The discussion of “fair” participation of female professionals in the workforce has been a hot topic in business literature and practice. Several large enterprises, such as Santander, Uber, PWC and McKinsey, to name a few, are putting policies in place to tackle gender inequality. The issue, however, seems to go beyond representation.

The following table shows some of the barriers that women face in their career progression, based on a literature overview.

Table 1. Barriers women face in their career progression
 Source: Authors’ analysis of relevant literature

Our team conducted research aiming to understand the practice of strategy in Brazil. We were able to gather 80 executive-level respondents from organisations with annual revenues in excess of BRL 1 billion (approximately US$ 250,000) in different industries. We didn’t observe all of the phenomena cited above, but we have confirmed some of them in our sample.

Our research focused primarily on the career trajectories, skills and functions of strategy executives of corporations operating in the country. Even though gender was not part of our initial focus, we inevitably encountered the gender dimension as an important factor in the responses we received. The answers of the female executives were in contrast with those of their male colleagues.

First, while time in each career position is equal for both women and men (2.25 years vs 2.46 years) the number of promotions within are different: men are promoted 3.59 times and women 2.25. This difference could be explained by factors like age, pregnancy, marriage, or it could be an issue for our sample.

The study reveals a clear gap in gender representation. While the number of women in managerial positions is estimated to represent 39.9% of managers in Brazil (International Labour Organization and and World Bank), our sample had less than 15% of female respondents.

Career trajectory appears to be an important factor in explaining women’s low representation. First, the most important starting point for the executives in our sample was management consulting. While 36% of our male respondents have at one point worked for a consulting firm, just 9% of the female executives have done so (Accenture, Booz Allen, Strategy& and Mckinsey were the most popular consultancy employers). This is consistent with the representation of women in consulting. The “boys’ club” culture in consulting seems to be a key mechanism, one of the main cultural changes professional firms such as PWC and McKinsey are trying to establish.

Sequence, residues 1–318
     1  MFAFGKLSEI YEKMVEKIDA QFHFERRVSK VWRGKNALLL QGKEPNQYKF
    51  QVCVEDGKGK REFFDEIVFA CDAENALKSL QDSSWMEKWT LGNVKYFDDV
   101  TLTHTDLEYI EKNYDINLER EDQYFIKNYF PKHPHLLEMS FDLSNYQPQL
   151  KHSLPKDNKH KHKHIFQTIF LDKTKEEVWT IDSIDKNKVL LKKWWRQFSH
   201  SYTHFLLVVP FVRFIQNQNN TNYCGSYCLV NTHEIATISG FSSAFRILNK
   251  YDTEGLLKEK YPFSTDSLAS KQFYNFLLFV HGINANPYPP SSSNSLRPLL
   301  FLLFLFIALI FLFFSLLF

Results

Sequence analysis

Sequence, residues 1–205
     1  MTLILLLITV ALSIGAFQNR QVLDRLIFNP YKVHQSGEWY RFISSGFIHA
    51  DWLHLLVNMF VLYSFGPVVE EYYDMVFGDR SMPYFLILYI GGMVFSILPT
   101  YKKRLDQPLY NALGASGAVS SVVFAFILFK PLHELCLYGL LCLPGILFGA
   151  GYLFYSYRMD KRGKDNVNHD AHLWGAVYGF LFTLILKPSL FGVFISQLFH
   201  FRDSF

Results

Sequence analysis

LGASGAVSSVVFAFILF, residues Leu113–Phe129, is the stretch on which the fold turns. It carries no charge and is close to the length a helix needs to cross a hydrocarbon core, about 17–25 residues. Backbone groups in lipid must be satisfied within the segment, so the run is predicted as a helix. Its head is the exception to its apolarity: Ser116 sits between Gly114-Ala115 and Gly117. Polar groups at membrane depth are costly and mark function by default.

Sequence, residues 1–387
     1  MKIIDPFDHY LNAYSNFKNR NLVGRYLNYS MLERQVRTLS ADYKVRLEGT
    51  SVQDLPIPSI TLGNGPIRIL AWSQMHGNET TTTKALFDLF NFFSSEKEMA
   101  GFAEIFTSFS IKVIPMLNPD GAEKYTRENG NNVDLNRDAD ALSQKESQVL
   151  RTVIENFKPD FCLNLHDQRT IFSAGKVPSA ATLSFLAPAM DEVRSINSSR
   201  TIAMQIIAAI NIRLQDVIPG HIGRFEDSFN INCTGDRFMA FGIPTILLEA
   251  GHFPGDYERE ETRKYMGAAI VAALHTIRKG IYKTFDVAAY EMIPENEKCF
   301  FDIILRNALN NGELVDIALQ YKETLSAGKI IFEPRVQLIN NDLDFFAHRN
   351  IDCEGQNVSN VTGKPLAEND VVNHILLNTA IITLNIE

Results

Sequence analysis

The gender difference in career trajectories was also present when considering industries other than consulting. The numbers revealed very different paths for men and women. Besides consulting, men were able to explore jobs in finance, marketing and sales, operations and other choices. Women stuck mainly to marketing and sales. Interesting enough, several female executives have always worked in strategy, an unimportant trajectory for men in our sample.

Figure 1. Trajectories for women

Figure 2. Trajectories for men

There was also a difference in the skills that men and women perceived as the most important for performing their jobs. We presented all respondents with a list of skills for the position of CSO (chief strategy officer), as proposed in a classic study by Breene, Nunes and Shill (2007). We then asked them to rank these skills from the most to the least important.

Table 2. Women’s and men’s preferred skills and qualities in a CSO, as ordered by the respondents
ObjectiveGiven their wide remit, CSOs have to be perceived as objective. An openly partisan CSO, or one who lets emotions, or the strength of others’ personalities, cloud his or her vision, is sure to fail.#1#7
Influencers, not dictatorsStrategy chiefs don’t usually accomplish their goals by pulling rank. They sway others with their deep industry knowledge, their connections throughout the organisation, and their ability to communicate effectively at all levels of the company#2#1
DoersCSOs split their time almost evenly between strategy development and execution, but
their bias is towards the latter. CEOs are looking for a leader who can help implement it, not just refine it
Comfortable with ambiguityThe role tends to evolve rapidly, as circumstances dictate, requiring an extraordinary ability to embrace an uncertain future.#4#3
Jacks of all tradesHave significant line-management and functional experience in disparate areas, including technology management, marketing and operations#5#5